North Carolina's highest court on Monday voided a state senator's adoption of her former domestic partner's biological son, a move that appears to close a method for same-sex couples to adopt unless the Legislature steps in.
The state Supreme Court ruled 5-2 that the adoption of Melissa Jarrell's son by state Sen. Julia Boseman was invalid because a Durham County District Court judge waived a requirement five years ago that Jarrell had to give up her parental rights in the process.
Under the adoption plan approved by the lower court, Boseman became an adoptive parent while Jarrell retained full parental rights as well.
However, Associate Justice Paul Newby wrote for the majority that the adoption never occurred in the eyes of the law because lawmakers have made clear the biological parent must terminate a legal relationship with the child. That part of the ruling favored Jarrell, who had sued to negate the adoption after the couple separated.
She and Boseman, North Carolina's first openly gay member of the General Assembly, had been living together when Jarrell gave birth to Jacob in 2002.
The majority of justices let stand another lower court ruling allowing the two to have joint custody of the child, saying it would be in Jacob's best interest for the women, who have been sharing parental responsibilities, to rear him.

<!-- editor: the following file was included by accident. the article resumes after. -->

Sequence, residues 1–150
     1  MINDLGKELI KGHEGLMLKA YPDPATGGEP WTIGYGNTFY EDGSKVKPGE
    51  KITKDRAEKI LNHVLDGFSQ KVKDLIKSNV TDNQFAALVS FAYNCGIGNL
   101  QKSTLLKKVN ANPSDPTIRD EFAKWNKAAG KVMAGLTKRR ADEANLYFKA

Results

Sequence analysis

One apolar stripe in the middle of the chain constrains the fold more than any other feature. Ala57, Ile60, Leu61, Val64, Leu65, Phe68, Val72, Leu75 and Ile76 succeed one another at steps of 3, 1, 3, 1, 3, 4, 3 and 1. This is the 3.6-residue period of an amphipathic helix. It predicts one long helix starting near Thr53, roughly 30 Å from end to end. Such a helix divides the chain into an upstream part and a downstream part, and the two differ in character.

Still, the ruling eliminates a method for same-sex couples to adopt and could raise legal questions about so-called "second parent" adoptions like this one. They have been granted in Durham and Orange counties in recent years, according to testimony and court documents.
Those issues are best addressed at the General Assembly, Newby wrote. At least 27 states permit second-parent adoptions through state law or based on evidence in local courts, according to the Human Rights Campaign, a national group that works for lesbian, gay, bisexual and transgender equality.
"The avenue is going to have to be changing the statute," Connell said in an interview. Otherwise, she said, this ruling closes down the method completely. Republicans taking charge of the Legislature next month are considering whether to vote on a constitutional amendment that would prohibit gay marriage.